Nobody roots for Goliath. – Wilt Chamberlain

I am an unabashed, die-hard, life-long New England Patriots fan. In the late 1980s and early 1990s, this was – well, if not cool, at least largely sympathetic. (We stunk. Like, 1-15 stunk.) Then came Bill The Self-Promoting, Credit-Taking Conqueror (Parcells) and Drew Bledsoe, then – ignoring Pete Carroll years –  Bill The Grim, You’d-Never-Call-Him-Evil-If-He-Was-Yours Genius (Belichick) and Tom Brady.

Three Super Bowls and one laying-of-waste 18-0 run later, and the ex-Patsies had made cute little underdogs out of the New York Giants. The same Giants who won all the time when the Patriots sucked, the same Giants who enjoy all the revenue fruits of the freaking New York media market, the same Giants who featured daddy’s-boy, silver-spooned, I-don’t-wanna-pway-for-San-Diego quarterback Eli Manning. Cute, plucky underdogs. The nation’s schadenfraude after that freaking Super Bowl would have been understandable, I submit, except that the “underdog” narrative was so nauseating.

And now, the obligatory disclaimer: New Englanders hate New York teams, and vice versa.

Anyway, the upcoming Super Bowl rematch has spawned a resurgence of Patriots hate/envy even in San Francisco – which dovetails very nicely with the fast-building tide of anti-Google sentiment.

To wit:

 

 

 

 

 

(Not the most balanced subject line ever.)

Or:

 

 

 

 

 

(Not that realtors have ever skewed numbers.)

And my favorite, from an article on sports/entertainment site Grantland.com (please squint and read the footnote; it’s worth it):

 

Google is Goliath; we all know that. I have absolutely pushed this narrative (noticed that I retweeted Matt McGee’s gem), to the extent that our PPC Associates Google rep checked in a couple of months ago asking if “everything was okay” with the relationship (it is).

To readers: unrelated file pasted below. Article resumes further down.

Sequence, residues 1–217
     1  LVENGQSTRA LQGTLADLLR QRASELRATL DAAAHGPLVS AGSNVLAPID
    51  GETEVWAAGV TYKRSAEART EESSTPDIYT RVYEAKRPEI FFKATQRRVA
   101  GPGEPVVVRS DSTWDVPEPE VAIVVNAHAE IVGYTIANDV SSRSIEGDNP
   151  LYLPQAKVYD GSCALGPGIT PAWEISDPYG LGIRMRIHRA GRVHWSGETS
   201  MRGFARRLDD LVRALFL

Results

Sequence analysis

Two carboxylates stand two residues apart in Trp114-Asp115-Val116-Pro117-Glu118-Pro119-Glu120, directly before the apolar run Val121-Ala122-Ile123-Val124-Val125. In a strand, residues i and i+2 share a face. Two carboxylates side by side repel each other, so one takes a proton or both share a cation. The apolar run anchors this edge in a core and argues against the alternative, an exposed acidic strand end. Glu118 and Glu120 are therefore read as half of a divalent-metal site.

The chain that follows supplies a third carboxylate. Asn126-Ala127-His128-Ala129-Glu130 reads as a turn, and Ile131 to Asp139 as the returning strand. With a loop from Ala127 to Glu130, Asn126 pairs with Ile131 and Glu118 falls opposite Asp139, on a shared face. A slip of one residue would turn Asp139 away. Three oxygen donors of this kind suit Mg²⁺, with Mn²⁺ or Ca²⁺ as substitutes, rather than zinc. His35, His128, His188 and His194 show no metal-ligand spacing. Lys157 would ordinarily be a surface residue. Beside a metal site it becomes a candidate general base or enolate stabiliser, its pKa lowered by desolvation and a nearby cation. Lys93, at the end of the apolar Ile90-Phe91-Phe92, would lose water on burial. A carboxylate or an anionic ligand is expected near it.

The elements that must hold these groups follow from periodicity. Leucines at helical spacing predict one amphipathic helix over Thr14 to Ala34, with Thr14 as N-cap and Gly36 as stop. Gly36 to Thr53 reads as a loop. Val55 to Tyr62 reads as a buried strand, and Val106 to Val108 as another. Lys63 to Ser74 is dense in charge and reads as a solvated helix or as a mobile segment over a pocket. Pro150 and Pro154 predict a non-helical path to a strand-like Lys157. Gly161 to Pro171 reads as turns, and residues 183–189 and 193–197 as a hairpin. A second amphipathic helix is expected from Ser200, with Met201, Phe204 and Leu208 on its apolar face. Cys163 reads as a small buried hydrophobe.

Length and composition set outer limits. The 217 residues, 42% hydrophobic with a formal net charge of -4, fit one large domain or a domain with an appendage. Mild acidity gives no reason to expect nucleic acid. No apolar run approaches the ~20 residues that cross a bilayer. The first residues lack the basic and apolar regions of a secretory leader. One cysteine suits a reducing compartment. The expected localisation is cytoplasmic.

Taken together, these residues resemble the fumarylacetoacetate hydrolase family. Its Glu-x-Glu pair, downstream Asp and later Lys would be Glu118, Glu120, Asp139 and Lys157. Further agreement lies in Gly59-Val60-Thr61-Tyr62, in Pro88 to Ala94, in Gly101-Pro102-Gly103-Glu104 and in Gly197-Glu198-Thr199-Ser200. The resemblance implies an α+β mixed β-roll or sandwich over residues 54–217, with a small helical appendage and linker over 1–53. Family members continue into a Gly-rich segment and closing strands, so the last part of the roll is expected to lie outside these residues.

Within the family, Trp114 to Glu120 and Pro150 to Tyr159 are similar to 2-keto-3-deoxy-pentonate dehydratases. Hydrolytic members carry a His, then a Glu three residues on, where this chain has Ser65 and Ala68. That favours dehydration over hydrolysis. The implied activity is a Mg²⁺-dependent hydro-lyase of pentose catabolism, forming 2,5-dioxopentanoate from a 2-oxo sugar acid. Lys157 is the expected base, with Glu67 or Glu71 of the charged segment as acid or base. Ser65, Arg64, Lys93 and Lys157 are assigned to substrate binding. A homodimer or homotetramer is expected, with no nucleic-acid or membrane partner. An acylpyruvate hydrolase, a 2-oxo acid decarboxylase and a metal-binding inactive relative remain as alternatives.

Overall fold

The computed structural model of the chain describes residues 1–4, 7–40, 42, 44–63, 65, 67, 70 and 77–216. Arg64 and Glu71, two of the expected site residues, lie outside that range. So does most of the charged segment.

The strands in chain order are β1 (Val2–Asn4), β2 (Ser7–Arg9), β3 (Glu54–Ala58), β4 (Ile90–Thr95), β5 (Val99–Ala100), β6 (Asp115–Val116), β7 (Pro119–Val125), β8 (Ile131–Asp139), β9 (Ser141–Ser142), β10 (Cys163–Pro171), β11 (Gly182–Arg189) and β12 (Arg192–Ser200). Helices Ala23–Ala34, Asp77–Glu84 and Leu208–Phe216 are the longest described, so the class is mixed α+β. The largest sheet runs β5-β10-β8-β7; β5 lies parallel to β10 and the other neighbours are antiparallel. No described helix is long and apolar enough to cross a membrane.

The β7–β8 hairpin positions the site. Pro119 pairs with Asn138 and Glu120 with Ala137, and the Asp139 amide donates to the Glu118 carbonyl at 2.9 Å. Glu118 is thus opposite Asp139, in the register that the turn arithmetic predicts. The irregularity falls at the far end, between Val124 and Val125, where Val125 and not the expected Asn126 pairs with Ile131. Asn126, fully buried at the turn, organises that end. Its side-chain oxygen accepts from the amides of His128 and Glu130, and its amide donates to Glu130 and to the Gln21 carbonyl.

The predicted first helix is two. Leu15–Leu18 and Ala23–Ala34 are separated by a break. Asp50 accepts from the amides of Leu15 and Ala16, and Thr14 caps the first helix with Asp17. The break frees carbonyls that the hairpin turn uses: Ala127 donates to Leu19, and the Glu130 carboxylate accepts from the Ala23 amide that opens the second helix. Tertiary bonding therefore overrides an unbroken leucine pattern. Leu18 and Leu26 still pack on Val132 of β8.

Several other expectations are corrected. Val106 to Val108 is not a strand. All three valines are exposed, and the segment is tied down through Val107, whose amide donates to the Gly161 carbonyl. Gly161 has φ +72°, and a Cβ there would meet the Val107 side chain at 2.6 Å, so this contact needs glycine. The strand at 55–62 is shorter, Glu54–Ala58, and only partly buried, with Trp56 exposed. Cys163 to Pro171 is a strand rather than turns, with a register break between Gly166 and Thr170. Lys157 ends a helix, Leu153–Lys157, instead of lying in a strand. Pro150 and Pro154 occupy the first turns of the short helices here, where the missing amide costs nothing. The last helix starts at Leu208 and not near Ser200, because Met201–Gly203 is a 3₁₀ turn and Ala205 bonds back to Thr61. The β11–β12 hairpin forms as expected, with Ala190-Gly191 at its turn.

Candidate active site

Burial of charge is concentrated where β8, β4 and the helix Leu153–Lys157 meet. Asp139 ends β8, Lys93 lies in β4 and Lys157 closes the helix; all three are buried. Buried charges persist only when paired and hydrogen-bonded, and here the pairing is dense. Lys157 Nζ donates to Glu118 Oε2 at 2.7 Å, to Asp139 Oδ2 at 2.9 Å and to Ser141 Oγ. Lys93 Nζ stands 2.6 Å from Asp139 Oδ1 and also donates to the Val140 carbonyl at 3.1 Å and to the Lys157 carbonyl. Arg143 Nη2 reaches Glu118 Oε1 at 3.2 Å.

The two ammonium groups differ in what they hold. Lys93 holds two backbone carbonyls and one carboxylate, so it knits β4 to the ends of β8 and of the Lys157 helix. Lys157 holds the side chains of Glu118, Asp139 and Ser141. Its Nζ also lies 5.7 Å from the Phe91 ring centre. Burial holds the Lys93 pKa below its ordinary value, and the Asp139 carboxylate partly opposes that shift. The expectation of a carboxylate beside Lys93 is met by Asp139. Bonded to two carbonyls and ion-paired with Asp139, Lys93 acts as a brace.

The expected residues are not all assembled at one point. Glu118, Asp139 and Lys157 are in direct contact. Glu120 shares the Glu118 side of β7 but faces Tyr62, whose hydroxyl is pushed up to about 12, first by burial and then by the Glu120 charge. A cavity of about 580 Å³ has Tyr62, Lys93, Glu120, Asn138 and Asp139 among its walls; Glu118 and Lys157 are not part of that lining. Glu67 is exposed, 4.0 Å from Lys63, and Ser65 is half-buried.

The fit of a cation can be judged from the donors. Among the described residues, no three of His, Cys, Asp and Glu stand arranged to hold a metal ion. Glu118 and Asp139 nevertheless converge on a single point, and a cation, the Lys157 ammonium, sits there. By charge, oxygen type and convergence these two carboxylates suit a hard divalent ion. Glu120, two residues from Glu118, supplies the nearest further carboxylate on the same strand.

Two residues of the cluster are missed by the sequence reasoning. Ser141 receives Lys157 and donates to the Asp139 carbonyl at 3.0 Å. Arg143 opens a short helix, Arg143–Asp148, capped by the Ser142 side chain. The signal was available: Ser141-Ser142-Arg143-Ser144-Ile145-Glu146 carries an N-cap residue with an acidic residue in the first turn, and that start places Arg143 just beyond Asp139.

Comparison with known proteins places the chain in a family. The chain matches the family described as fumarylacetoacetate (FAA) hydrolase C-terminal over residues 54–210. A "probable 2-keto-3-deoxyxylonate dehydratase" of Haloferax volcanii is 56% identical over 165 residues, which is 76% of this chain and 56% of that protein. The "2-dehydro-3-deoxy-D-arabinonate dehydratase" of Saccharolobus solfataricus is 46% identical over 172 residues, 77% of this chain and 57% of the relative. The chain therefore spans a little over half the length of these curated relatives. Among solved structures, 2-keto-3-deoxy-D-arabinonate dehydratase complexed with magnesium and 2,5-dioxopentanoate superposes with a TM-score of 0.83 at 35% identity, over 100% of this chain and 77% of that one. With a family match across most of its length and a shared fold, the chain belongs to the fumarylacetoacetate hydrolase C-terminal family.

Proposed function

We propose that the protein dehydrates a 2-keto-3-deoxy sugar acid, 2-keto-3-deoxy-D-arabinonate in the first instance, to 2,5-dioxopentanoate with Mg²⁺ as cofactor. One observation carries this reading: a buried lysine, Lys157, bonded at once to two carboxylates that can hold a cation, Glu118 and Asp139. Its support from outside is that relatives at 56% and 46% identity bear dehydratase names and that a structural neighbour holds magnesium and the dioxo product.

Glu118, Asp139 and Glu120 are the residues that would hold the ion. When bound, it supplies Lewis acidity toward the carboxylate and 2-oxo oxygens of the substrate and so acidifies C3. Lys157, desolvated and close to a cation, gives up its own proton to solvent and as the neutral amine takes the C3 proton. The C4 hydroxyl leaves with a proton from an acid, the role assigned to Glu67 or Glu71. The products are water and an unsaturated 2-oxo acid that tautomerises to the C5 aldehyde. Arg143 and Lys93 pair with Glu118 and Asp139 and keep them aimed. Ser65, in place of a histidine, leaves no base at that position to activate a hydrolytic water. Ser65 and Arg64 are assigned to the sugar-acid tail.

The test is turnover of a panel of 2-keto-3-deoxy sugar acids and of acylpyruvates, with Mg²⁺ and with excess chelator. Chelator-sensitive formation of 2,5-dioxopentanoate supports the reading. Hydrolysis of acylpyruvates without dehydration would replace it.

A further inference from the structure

Google, like the Patriots, was a public darling at the start of its rise to prominence, and both parties have generally done things right. (There are always exceptions. Those raising their hands with protests about Albert Haynesworth and/or the Tuck Rule and/or unseemly losses to the Jets have been acknowledged and may return to your yammering sports talk radio.)

But the Patriots had Spygate. And now Google has the land-grab efforts of Google+ and Search Plus Your World. There are Waterloo-like similarities.

The Patriots were cheating (yup, they were, no matter how established a league-wide practice it might have been). Google is gaming, although there are well-developed arguments that the Google+ and Search Plus Your World sure as shootin’ rigs the deck enough to elicit stronger verbs. The Patriots made the Giants relatable to Everyman; Google is managing to make even Facebook look put-upon. If you were a football fan a few years ago, you couldn’t escape the Patriots’ run at history; if you…well, if you use the internet, it’s gotten awfully hard to escape Google.

But outside the NFL commissioner’s office, Patriots hatred wasn’t really actionable; despite all manner of taunting directed at the Patriots and their fans, here we are again four years later, one of the last teams standing. Google? Now that could be a different story. If people are really fed up, they can at least call a senator (and refrain from buying Androids and getting gmail or youtube accounts).

Will the Patriots win the Super Bowl? I doubt it; the Giants are too hot. Will Google even feel the slingshot pebbles, or will rising antipathy actually force it to change its policies? I have no idea. But if it happens, I’m not going to be designing any cereal boxes.

- Hillary Read, Marketing Manager

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